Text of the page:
Fire Island -- Set in the iconic Pines, Andrew Ahn’s ”Fire Island” is an unapologetic, modern-day rom-com showcasing a diverse, multicultural examination of queerness and romance. Inspired by the timeless pursuits from Jane Austen’s classic “Pride and Prejudice,” the story centers on two best friends (Joel Kim Booster and Bowen Yang) who set out to have a legendary summer adventure with the help of cheap rosé and their cadre of eclectic friends. Howie (Bowen Yang), Noah (Joel Kim Booster), Keegan (Tomas Matos), Luke (Matt Rogers) and Max (Torian Miller), shown. (Photo courtesy of Searchlight Pictures)

Fire Island

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What it’s about:

A modern adaptation of Pride and Prejudice, we follow a group of friends – anchored by jaded, cynical Noah and earnest, romantic Howie – as they vacation on Fire Island, the legendary getaway destination for New York’s gay community. There, they find out that their surrogate mother figure, Erin, has gone broke and has to sell the vacation home where they always stay, meaning this will be their last year on the island.

Names you might know:

You’d find fewer stars looking up at the night sky. Joel Kim Booster wrote and stars in this film, and you may know him from his standup or his appearance alongside Aidy Bryant in Shrill or starring alongside Kal Penn in the short-lived Sunnyside. Likewise, you will no doubt recognize Bowen Yang from his brilliant work on Saturday Night Live, for which he was last year nominated for an Emmy. Conrad Ricamora may be familiar to fans of How to Get Away with Murder, and he also starred in the 2015 Broadway revival of The King and I and most recently played Seymour in Little Shop of Horrors off Broadway. Matt Rogers can currently be seen in the Showtime series I Love That for You and hosts the Netflix’s dog-grooming competition series Haute Dog. And, of course, there is Margaret Cho–an icon so legendary she needs no introduction.

Why it’s worth your time:

A lot has been made about how groundbreaking Fire Island is for gay representation and Asian representation. You may have heard a criticism–unfair, I might add–that it doesn’t pass the Bechdel test (which requires having at least two female characters who talk to each other about something other than a man). Whatever it is, people are talking about this film. I’m glad, because it’s an important one in the history of gay cinema and the representation of Asian-American—especially gay Asian-American–experiences on-screen. Certainly being part of the cultural conversation is reason enough to watch this Fire Island.

Except–to leave it there does this film an injustice because it misses the fact that beyond anything else, Fire Island is GOOD. In turns laugh-out-loud funny and heart-achingly tender, this film really captures what it is to be young (but not so young anymore) and desperately searching for love, for belonging, for acceptance, and for meaning. It reflects the lived experiences of so many gay men, for whom family means something more than a genetic bond and a respite from the constant pressures of a heteronormative society can sometimes only be found in our own little worlds away from the straights.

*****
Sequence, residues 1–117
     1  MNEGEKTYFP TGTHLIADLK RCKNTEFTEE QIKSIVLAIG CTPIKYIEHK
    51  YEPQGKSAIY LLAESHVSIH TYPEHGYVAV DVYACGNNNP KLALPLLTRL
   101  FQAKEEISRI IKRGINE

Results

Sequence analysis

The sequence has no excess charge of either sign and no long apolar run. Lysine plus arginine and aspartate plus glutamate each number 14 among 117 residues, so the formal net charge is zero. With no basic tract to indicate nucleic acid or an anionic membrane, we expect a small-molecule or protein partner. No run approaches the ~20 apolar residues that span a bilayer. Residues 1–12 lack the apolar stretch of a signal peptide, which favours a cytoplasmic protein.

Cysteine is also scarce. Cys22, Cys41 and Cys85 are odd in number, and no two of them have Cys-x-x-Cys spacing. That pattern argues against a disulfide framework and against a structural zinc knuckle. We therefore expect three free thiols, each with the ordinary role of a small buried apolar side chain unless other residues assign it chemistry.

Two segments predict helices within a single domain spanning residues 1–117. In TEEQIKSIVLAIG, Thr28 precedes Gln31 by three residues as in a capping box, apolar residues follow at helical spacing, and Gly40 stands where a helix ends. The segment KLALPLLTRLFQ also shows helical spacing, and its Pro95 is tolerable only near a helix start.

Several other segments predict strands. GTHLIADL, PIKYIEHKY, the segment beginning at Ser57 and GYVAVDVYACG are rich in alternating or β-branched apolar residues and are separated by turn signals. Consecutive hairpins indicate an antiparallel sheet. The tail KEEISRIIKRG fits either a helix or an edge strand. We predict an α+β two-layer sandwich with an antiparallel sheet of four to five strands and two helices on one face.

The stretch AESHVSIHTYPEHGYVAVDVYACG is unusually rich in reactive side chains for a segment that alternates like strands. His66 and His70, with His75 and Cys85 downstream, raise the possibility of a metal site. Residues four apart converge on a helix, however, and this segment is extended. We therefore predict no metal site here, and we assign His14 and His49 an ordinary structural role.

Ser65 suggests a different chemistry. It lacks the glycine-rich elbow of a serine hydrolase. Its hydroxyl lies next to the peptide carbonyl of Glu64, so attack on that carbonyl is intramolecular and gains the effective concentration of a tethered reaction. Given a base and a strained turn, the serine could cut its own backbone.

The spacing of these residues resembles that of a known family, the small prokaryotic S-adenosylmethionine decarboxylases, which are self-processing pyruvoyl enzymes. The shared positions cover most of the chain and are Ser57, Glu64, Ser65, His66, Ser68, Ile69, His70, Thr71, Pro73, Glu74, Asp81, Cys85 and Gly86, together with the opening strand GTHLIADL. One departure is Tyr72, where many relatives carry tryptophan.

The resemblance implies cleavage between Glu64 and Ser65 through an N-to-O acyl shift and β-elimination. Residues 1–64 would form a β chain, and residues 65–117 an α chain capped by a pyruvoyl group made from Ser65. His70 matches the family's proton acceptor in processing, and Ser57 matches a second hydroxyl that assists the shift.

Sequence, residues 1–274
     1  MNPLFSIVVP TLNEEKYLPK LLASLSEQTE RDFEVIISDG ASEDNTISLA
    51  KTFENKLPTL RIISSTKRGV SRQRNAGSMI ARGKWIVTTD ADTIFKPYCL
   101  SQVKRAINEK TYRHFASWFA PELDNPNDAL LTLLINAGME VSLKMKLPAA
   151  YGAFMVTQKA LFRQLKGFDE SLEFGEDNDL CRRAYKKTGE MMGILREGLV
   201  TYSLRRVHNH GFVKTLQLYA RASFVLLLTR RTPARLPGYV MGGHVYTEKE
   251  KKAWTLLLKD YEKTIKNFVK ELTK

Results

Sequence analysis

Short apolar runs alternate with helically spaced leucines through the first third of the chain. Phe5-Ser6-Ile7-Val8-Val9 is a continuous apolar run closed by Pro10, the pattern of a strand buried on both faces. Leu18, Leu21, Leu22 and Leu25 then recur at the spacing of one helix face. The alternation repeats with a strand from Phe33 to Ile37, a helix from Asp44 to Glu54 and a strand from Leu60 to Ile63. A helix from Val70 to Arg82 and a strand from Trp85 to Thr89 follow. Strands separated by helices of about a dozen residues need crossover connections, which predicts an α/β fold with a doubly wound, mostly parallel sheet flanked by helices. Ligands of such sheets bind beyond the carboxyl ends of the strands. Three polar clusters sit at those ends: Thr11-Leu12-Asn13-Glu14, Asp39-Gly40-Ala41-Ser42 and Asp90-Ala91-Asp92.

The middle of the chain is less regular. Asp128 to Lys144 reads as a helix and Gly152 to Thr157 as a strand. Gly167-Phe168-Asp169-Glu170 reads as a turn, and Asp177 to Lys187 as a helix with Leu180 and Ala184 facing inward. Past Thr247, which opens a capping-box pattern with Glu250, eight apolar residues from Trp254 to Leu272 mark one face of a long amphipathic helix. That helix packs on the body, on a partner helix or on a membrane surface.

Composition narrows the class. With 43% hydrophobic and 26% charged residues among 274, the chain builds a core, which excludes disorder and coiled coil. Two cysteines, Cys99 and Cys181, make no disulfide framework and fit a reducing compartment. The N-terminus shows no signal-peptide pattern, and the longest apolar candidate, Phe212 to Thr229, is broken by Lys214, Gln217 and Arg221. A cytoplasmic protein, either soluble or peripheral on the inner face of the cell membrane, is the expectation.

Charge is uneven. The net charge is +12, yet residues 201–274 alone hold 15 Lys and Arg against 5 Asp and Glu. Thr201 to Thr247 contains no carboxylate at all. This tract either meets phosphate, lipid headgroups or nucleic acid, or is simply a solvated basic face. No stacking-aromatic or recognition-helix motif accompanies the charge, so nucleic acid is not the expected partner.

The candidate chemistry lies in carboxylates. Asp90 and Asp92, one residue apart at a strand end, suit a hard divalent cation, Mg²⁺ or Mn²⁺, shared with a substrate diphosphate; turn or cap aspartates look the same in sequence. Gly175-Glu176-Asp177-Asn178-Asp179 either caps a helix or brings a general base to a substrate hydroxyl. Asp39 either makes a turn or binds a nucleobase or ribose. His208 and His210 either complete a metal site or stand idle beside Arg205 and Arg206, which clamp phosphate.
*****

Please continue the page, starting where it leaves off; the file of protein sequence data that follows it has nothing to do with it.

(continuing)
Don’t be fooled, though; there is something here for everyone. The quest for love and the viciousness of social hierarchies and cliques–not to mention social class–is universal. In this case, it is told through the lens of two gay Asian-American characters, but that doesn’t make it any less relatable for anyone who has ever felt like an outsider, or inferior, or as though they are not enough. The painfully honest conversation between Howie and Noah about desirability, class, and racism within the gay community rings true to the gay experience, but it is also a universal feeling to which far too many people will sadly be able to relate.


In that way, Fire Island is not just “a gay film”–though it is unabashedly that. It is also a film which critiques our society more generally, including our obsession with wealth and privilege and the struggles that people who do not fit the narrow parameters of desirability marketed to us by Hollywood have with body image, with self-confidence, and even with romance. It is a timely exploration of the Millennial experience, one where we are delaying marriage and questioning whether old traditions and old institutions serve us as well as they should. And, like Howie and Noah, many Millennials will ultimately come to different conclusions while operating under the same facts.

Ultimately, though, you should watch it because it’s just a damn good rom-com. You’ll cheer for Howie and Charlie to get together. You’ll feel the chemistry and tension and potential for passion between Noah and Will. And you’ll marvel at how Joel Kim Booster made a 200-year-old story feel fresh, relevant, and original.

The takeaway:

Fire Island is one of the best gay films released in recent memory. It’s funny, it’s romantic, and it is beautifully written, acted, and directed. It may not win Oscars–comedies rarely do; gay films more rarely still–but it is an instant classic that critics and audiences will be citing for years. Don’t miss it.

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